Gold gains, silver slides on Europe woes
As debt worries weigh on the euro, the yellow metal's relative strength amid a surging dollar may cheer bulls.
By Alix Steel, TheStreet
Updated at 3:44 p.m. ET
Gold (-GC) for June delivery added $6.50 to settle at $1,515.40 an ounce at the Comex division of the New York Mercantile Exchange. Gold traded as high as $1,519 on strong overnight buying but then hit a low of $1,503.70. The spot gold price was up $2.70, according to Kitco's gold index.
Silver (-SI) prices lost 18 cents to finish at $34.90 an ounce. The U.S. dollar index was surging 0.9% to $76.12 as the euro tanked against the dollar. In euro terms, gold prices were rising 1%.
Gold prices eked out a gain Monday despite a strong dollar as investors opted for the haven asset in light of ballooning sovereign debt worries out of the eurozone. Standard & Poor's slashed Italy's debt rating from stable to negative, while the ruling Socialist Party lost big in Spain to conservatives. Although the Spanish prime minister said he would stay in power, the election underscores the economic frailty of the country and the loss of investor confidence in the eurozone as a whole. Fitch downgraded Belguim's outlook to negative from stable in mid-day trading.
If history repeats itself, gold could find further support. In fact, its relative strength in the face of a big dollar rally might cheer investors who remain bullish on the yellow metal.
The first quarter of 2010 saw the rumblings of problems in Greece, with gold falling 0.3% and the CurrencyShares Euro Trust (FXE), which tracks the euro, sliding 6.4%. In the second quarter of 2010, Greece's debt was downgraded and the country received a bailout package. Gold rallied 11.4%, while the FXE tanked 10.1%. So far in second quarter 2011, gold is up 5.3% and the FXE is down 0.4%. If the euro has more room to fall, gold might have more room to rally.
Throwing a wrench into gold's rally Monday were preliminary reports that manufacturing activity in China, Germany and the EU has slowed in May. Investors have become increasingly concerned that China's government will constrict the money supply to fight inflation to such an extent that it stunts growth.
As China has outpaced India in terms of gold demand, higher gold prices rely on consistent and strong demand from the country.
Craig Weynand, the chief operating officer of NuWave Investment Management, is pessimistic on short-term gold and silver prices, that all commodities have been in a bubble for some time now.
"Going forward longer term for commodity prices, we think that prices will generally continue higher," he said. "But in the short term, there will be corrective activity." Weynand says markets are entering a soft patch that will weaken commodities and give investors less impetus to buy gold and silver as an inflation hedge.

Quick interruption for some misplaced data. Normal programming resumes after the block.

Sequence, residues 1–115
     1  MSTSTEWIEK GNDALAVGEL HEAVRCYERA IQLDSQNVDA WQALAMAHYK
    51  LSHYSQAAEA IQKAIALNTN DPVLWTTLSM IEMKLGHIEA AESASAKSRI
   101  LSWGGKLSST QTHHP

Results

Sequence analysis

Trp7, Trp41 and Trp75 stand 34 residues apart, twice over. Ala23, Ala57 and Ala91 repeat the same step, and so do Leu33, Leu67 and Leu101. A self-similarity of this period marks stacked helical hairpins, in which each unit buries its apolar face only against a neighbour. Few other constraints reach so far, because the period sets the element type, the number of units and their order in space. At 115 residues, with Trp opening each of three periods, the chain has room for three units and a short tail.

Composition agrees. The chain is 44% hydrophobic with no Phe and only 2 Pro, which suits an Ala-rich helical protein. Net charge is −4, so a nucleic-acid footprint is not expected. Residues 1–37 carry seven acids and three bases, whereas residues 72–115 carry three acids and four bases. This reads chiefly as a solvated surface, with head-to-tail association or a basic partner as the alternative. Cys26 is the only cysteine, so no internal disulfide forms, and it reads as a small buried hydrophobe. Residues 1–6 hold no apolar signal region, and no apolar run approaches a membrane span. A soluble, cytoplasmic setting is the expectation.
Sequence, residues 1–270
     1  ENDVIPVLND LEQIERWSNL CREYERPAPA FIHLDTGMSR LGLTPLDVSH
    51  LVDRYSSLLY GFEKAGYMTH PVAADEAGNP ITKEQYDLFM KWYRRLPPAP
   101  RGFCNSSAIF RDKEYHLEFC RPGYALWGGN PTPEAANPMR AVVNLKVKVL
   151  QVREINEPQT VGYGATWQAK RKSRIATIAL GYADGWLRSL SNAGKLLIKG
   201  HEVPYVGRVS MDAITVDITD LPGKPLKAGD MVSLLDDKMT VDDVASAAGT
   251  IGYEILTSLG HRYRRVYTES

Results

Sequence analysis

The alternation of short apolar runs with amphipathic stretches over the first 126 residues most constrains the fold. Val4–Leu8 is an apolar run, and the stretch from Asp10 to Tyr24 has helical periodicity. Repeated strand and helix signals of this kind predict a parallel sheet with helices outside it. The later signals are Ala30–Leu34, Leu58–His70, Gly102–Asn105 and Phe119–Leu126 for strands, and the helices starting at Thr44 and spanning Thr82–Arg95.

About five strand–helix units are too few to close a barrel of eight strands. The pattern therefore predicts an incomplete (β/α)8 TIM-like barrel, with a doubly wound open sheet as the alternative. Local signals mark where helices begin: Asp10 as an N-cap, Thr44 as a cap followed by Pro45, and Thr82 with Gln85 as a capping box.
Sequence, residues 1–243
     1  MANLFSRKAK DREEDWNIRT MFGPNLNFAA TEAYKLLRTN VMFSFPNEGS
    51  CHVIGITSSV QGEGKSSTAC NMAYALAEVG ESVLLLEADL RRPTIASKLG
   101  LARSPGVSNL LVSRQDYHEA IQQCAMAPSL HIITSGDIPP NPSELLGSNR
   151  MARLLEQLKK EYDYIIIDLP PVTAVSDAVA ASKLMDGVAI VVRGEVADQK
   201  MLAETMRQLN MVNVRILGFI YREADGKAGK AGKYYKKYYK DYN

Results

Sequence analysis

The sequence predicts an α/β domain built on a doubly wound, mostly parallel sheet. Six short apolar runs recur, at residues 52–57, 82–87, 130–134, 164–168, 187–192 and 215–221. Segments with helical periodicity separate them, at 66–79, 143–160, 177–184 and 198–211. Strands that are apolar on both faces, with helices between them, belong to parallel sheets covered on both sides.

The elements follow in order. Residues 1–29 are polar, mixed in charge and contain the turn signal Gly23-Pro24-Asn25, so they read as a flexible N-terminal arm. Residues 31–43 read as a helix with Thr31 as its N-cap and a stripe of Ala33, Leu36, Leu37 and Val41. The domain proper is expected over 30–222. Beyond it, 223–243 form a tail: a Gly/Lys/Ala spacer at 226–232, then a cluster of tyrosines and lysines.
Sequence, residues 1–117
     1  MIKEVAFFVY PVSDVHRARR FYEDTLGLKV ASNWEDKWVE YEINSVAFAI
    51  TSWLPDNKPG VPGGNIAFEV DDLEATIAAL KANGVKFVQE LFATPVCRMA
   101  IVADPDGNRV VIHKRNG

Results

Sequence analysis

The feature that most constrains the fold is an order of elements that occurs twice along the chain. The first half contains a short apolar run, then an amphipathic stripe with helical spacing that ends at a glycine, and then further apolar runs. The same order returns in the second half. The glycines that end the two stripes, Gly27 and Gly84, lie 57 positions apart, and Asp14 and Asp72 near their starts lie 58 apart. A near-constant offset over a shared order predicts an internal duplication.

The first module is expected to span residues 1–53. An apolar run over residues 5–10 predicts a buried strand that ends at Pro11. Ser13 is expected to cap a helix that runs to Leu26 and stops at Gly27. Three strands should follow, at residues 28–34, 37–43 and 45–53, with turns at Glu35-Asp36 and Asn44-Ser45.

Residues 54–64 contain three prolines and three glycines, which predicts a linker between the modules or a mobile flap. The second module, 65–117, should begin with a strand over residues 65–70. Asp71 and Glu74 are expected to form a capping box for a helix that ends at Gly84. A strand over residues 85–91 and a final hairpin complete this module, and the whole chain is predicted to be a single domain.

Weynard anticipates a 10% correction in stocks and commodities, a much more conservative estimate than that of Mark Arbeter, the chief technical strategist at Standard & Poor's, who is calling for a 20% correction in the S&P.
"I think the dollar put in an intermediate, if not longer-term, bottom," says Arbeter, explaining his primary reason for being so bearish on commodities and stocks. "We saw extreme bearish sentiment . . . when the dollar was around the $72, $73 level. We've rallied very quickly up to the $75-and-change level. While we might pull back, I don't see a retest of the recent lows."
Gold and silver tend to do well when the dollar is weak as the dollar-backed commodities become cheaper to buy in other currencies and as the metals become an attractive alternative to paper money.
Jim Cramer wrote on RealMoney.com that investors should consider gold a currency, not a commodity. "Once you think of it that way, you will no longer have to trade the yellow stuff. Considering what's going on in the world, you will just own some," Cramer said.
Gold mining stocks were mostly lower Monday along with broader equities. Barrick Gold (ABX) was down 0.6% at $45.34 and Goldcorp (GG) was shedding 0.7% at $48.34, while Newmont Mining (NEM) was gaining 0.2% at $54.19. Barron's highlighted all three stocks over the weekend as undervalued shares poised to rally on high gold prices and strong production growth.
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[BRIEFING.COM] The stock market finished an upbeat week on a mixed note. The S&P 500 added just over a point, holding its weekly gain at 1.0% while the Nasdaq lost 0.4%.
The major averages began the day on an upbeat note, but relinquished their opening gains during the first 90 minutes of action. The early sentiment was boosted by a better-than-expected nonfarm payrolls report for February (175K versus Briefing.com consensus 163K), but a closer look into the report suggested that ... More
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